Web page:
August 5, 2005

Indian task force says tigers under siege

NEW DELHI (Reuters) - An Indian task force said on Friday
that the country's tigers were under siege from poachers and
people living in protected reserves, and called for thousands
of villagers to be relocated to save the endangered big cat.

There was national shock after reports in March that the
population of 16-18 tigers at a leading sanctuary in western
India could be wiped out by poachers within a year, and that
the risks were similar at other reserves.

Responding to the outcry, Prime Minister Manmohan Singh set
up the tiger task force, headed by well-known environmentalist
Sunita Narain who submitted the body's report to him on Friday.

"The tiger is under attack from poachers, miners and other
exploitative activity," the report said. "Worse, it is also
under siege from people who co-inhabit its land. The challenge
is to ensure that the siege is lifted."

The task force called for relocation of thousands of people
living in 250 villages located inside India's 28 tiger

"What is suggested is a time-bound program to identify
those villages which must be relocated because they are located
in crucial tiger habitats," Narain said in the report.

She added that there were another 1,250 villages in
non-core areas of the reserves and it would be impossible to
relocate the people living in those hamlets.

"In this case, the country has no choice but to make peace
with the communities that share the tiger's home," Narain said,
calling for their involvement in forest reserve tourism. "If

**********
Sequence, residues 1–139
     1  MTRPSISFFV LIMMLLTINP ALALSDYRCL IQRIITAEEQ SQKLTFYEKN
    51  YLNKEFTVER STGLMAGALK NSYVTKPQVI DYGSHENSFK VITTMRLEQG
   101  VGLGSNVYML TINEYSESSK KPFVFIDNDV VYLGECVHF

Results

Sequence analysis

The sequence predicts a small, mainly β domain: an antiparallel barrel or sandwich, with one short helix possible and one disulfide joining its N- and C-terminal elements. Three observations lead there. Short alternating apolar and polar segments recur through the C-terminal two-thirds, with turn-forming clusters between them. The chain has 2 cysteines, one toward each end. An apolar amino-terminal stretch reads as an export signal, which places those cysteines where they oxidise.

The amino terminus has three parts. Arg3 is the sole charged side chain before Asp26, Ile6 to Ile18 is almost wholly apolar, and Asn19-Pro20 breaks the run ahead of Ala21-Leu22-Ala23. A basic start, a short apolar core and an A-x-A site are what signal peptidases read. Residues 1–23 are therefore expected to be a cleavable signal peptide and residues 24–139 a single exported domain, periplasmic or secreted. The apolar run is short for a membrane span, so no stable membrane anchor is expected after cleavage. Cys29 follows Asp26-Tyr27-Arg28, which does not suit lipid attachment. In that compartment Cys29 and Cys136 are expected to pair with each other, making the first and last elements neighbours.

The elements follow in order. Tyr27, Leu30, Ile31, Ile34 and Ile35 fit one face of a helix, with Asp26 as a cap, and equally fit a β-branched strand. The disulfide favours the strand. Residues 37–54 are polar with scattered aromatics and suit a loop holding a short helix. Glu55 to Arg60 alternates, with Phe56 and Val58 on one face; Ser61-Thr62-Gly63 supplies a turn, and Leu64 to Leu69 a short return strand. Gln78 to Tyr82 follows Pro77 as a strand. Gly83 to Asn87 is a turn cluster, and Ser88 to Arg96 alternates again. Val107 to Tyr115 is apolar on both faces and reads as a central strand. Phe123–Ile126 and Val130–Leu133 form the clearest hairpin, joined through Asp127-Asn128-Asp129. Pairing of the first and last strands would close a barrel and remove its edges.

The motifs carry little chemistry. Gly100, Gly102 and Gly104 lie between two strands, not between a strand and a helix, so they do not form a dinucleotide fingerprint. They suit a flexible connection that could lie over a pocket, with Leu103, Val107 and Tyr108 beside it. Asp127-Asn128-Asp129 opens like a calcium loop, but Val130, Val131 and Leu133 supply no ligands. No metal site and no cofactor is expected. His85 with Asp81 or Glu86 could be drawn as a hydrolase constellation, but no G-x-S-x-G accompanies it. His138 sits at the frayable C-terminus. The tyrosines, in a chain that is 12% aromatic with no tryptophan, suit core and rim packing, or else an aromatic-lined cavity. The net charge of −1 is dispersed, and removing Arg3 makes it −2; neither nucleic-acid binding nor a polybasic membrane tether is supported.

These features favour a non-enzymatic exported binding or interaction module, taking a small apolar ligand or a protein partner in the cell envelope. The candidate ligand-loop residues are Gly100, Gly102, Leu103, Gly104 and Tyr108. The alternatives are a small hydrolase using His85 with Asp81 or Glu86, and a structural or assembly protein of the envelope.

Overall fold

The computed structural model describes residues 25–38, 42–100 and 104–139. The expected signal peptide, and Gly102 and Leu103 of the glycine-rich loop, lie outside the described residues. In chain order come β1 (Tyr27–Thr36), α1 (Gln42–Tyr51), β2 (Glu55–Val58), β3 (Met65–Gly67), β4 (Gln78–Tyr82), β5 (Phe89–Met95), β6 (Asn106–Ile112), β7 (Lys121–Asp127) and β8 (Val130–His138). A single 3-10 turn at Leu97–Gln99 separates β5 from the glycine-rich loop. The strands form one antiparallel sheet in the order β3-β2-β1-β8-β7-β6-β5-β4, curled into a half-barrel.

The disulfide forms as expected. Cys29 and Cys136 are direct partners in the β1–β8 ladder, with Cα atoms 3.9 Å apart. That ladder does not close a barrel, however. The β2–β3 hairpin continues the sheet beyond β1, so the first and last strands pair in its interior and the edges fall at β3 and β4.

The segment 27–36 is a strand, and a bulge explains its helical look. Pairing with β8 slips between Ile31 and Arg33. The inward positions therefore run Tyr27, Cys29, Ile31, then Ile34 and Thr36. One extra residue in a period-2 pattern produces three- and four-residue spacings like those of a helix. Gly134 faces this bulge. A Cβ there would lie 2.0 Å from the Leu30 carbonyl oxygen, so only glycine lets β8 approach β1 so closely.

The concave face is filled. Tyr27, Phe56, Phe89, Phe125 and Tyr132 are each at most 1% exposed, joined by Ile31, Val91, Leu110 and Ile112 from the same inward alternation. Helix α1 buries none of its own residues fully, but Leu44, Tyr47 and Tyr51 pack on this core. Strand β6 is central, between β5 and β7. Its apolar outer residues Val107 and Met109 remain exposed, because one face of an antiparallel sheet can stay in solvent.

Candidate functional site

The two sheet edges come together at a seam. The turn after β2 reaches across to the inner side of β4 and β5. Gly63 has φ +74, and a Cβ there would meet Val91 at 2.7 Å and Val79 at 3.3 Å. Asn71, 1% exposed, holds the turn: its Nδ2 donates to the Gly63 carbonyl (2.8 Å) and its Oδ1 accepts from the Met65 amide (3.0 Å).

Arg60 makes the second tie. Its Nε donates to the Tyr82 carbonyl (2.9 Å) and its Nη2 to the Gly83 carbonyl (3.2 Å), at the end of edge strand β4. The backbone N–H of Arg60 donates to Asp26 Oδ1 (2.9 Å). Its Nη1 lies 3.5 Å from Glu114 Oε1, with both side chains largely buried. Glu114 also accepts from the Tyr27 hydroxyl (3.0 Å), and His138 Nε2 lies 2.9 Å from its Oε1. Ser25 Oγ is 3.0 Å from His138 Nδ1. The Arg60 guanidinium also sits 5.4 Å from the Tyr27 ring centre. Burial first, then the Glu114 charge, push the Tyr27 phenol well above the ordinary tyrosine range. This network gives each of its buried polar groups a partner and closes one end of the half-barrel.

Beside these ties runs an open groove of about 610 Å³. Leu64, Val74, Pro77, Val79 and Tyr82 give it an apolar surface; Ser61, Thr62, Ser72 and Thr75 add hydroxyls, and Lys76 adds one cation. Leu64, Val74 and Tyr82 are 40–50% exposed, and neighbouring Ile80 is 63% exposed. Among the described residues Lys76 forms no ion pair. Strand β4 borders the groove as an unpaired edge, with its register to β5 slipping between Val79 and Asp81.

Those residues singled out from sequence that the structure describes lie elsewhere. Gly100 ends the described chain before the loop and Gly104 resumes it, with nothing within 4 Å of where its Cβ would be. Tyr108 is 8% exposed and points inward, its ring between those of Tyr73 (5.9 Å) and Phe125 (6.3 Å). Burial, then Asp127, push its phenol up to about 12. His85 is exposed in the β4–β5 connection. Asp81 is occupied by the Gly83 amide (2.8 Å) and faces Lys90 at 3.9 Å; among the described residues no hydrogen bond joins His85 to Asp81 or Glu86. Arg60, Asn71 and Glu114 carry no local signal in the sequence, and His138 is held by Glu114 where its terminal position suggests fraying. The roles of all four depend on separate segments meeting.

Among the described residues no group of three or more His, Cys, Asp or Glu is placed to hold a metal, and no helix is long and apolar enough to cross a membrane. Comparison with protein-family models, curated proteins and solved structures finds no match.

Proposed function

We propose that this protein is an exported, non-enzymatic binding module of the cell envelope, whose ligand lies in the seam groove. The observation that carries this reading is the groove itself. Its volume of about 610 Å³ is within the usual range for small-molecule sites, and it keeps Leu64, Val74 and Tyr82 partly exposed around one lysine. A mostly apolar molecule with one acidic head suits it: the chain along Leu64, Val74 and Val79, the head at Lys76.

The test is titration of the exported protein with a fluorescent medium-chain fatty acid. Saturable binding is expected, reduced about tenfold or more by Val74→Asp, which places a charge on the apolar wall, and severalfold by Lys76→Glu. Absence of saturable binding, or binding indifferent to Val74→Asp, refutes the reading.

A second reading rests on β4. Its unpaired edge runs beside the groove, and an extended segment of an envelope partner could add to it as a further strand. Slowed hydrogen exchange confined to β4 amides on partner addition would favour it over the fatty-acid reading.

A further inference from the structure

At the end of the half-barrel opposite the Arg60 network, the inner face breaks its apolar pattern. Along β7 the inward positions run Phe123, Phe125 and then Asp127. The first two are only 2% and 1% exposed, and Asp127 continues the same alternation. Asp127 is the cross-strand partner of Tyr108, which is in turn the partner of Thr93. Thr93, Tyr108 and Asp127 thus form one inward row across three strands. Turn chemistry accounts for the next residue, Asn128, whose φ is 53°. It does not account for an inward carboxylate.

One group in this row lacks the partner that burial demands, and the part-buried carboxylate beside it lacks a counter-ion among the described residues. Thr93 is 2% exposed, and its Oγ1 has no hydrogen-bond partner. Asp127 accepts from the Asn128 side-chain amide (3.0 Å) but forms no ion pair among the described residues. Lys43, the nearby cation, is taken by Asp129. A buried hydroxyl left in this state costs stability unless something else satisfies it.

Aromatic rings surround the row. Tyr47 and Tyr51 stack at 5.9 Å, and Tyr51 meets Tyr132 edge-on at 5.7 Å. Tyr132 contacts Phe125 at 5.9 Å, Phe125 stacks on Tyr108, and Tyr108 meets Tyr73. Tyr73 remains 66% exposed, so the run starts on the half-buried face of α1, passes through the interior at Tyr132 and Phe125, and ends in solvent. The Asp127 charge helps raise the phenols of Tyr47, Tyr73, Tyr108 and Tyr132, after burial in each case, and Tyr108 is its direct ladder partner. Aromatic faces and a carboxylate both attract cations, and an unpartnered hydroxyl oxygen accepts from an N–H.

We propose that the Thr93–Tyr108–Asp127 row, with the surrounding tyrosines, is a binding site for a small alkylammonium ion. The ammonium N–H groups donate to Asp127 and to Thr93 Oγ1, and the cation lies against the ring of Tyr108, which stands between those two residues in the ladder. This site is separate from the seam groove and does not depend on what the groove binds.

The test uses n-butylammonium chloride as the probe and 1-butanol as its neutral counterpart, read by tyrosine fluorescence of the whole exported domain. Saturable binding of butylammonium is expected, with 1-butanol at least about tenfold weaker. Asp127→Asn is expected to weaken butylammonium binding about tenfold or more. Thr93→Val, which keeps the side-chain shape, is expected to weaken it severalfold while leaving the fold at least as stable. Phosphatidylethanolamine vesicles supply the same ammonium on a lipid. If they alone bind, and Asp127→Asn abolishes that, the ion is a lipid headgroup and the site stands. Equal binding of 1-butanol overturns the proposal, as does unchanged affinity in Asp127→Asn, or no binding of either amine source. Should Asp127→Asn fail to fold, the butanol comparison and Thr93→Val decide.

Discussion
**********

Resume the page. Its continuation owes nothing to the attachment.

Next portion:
not, we will lose the war of conservation, tiger by tiger."


India's tiger population has fallen to about 3,700 from
roughly 40,000 a century ago, mainly due to rampant poaching.

But conservationists suspect the number could be less than

A spokesman for Prime Minister Singh said the head of the
government had agreed to create a federal wildlife crime
bureau, as suggested by the five-member task force.

The task force said India would have to work with China to
stop huge illegal trade in tiger body parts. Tiger organs,
teeth, bones and penises are used in traditional Chinese

The task force report also slammed a "faulty and fudged
system" to count tigers at Sariska that showed a growth in the
big cat population while tigers were in reality disappearing.

India's conviction rate of those charged with poaching of
endangered animals is less than five percent, with many accused
of poaching getting off due to lack of evidence.

In May, the government said poachers had killed at least
114 tigers between 1999 and 2003, while just 59 of the big cats
had died of natural causes during the same period.

(Additional reporting by Nigam Prusty)